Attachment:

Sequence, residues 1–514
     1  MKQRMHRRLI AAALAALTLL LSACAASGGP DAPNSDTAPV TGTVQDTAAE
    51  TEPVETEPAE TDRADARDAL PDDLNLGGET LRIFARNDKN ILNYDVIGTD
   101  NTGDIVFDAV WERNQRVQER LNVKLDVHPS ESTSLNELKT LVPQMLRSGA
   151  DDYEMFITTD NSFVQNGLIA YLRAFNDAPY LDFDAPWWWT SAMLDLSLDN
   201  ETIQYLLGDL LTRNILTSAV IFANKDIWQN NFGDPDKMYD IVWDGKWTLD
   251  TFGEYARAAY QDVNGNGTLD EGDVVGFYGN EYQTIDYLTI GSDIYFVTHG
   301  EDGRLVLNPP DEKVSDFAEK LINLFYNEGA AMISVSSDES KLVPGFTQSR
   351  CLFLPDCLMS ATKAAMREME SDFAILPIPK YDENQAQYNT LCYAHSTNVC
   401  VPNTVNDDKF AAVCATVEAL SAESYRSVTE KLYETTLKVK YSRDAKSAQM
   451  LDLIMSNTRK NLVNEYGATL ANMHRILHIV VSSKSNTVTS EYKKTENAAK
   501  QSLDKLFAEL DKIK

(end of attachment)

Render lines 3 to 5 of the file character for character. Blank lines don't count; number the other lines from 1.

    51  TEPVETEPAE TDRADARDAL PDDLNLGGET LRIFARNDKN ILNYDVIGTD
   101  NTGDIVFDAV WERNQRVQER LNVKLDVHPS ESTSLNELKT LVPQMLRSGA
   151  DDYEMFITTD NSFVQNGLIA YLRAFNDAPY LDFDAPWWWT SAMLDLSLDN